Between the snow, ice and cold temperatures, winter months can be challenging, especially for seniors. Sidewalks that are covered with ice can be a serious issue, especially if someone slips and falls. Below freezing temperatures can cause hypothermia or issue inside the home that may not be caught.
Here are some helpful tips for preventing common winter dangers that the elderly population faces.
1. Avoid Slipping on Ice
With icy roads and sidewalks, it makes it easier for someone to slip and fall. Falling during winter months are especially common with the elderly. These falls could cause injuries such as hip and wrist fractures – or even head trauma.
A good preventive from slipping on ice, is to make sure to wear shoes with good traction and non-skid sole. Also, stay inside if necessary until roads and sidewalks are clear. If you do go outside, make sure you take off your shoes or boots when returning indoors. The melted snow and ice could also lead to slippery conditions inside.
2. Dress Warm
Cold temperatures can lead to frostbite and hypothermia. According to the CDC, more than half of hypothermia-related deaths were from people who were over the age of 65. If going outside in chilly conditions, make sure to wear layers of clothing. Wear warm socks, a hat gloves and scarf, and be sure to cover any exposed skin in extreme temperatures.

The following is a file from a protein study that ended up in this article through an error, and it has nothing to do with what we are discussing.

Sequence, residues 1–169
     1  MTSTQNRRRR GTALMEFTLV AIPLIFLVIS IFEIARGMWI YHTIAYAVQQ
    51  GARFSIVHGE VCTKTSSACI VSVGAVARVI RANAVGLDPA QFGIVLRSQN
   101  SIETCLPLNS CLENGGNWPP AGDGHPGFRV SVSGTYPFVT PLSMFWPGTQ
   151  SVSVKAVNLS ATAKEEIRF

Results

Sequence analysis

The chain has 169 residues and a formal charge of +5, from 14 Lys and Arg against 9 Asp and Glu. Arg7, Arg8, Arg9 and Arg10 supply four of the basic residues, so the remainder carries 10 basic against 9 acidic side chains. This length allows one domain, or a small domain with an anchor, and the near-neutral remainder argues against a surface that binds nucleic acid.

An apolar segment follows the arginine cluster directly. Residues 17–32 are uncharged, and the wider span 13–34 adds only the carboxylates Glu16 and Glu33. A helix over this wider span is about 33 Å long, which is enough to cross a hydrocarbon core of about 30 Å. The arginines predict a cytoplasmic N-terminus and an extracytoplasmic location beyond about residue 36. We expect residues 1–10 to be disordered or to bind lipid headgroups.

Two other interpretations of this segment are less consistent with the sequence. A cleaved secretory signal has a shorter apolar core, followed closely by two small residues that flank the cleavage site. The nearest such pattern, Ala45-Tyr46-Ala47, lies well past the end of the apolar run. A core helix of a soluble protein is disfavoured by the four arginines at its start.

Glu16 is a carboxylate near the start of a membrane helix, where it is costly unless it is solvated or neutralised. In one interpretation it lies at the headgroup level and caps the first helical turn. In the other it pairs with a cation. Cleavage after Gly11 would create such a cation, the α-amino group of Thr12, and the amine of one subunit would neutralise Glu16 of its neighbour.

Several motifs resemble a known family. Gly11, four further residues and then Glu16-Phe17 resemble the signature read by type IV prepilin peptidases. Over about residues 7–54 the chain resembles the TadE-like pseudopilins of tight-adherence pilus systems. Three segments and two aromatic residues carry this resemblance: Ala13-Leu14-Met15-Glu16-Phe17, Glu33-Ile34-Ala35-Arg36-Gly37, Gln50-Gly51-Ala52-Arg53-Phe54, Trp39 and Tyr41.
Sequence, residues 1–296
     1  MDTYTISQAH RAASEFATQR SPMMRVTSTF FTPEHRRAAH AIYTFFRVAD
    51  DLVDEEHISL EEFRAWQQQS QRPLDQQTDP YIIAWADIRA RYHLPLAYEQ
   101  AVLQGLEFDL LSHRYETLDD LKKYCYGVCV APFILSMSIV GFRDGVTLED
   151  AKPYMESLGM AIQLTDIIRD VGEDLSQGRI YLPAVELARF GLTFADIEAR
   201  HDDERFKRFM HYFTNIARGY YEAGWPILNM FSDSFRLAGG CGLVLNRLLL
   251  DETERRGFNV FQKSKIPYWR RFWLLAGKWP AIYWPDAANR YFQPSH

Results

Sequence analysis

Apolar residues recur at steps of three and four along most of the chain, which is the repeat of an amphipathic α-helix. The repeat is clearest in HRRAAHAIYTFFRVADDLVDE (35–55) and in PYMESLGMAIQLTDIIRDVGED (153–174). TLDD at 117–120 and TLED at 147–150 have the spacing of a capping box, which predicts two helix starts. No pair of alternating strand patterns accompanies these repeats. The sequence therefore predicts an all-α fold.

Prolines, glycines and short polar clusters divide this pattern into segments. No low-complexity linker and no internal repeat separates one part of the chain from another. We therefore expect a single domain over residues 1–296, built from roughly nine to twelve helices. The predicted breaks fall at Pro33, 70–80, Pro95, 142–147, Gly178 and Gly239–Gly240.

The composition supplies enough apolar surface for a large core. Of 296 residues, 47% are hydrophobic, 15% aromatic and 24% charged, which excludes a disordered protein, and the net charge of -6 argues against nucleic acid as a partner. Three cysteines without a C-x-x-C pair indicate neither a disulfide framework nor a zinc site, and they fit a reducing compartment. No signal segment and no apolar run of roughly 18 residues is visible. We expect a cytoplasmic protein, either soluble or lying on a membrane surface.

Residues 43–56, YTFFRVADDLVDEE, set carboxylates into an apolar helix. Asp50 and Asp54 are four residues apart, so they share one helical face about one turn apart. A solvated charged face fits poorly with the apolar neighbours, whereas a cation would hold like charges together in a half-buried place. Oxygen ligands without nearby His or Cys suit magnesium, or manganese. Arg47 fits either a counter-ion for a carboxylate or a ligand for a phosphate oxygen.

3. Winter Depression
Because getting around for seniors in the winter can be tough, sometimes they can tend to spend a lot of time alone. This can bring on feelings of loneliness and isolation.
To help avoid this, family members are encouraged to check in on seniors as often as possible; even if it’s a short, daily phone call.
4. Check the Car
During the winter months, driving can be especially dangerous for seniors who may not have as quick reflexes anymore. Make sure the car gets serviced when wintertime hits. Check things such as the oil, tires, brakes and wipers, which can all make a big difference on winter roads. It’s also important to make sure your AAA membership is up to date in case of emergencies.
5. Prepare for Power Outages
Winter storms can lead to power outages. Make sure that seniors have easy access to flashlights and battery-powered radios in case the power goes out. Put together a pile of warm blankets and non-perishable food items that can still be eaten in the cold.
If the power goes out, make sure to dress in war layers including a hat. Walk around if able to keep your body temperature up.
6. Eat a Varied Diet
With less time spent outdoors, it’s important to foods that are fortified with Vitamin D, such as milk, grains and seafood options like salmon.
7. Prevent Carbon Monoxide Poisoning
Using a gas lantern, fireplace or gas heater could lead to carbon monoxide poisoning. It’s important to ensure that the batteries on your carbon monoxide detector is working and up to date.
Wintertime could pose some challenges to seniors, but with some planning and awareness, we can enjoy the winter months until Spring.
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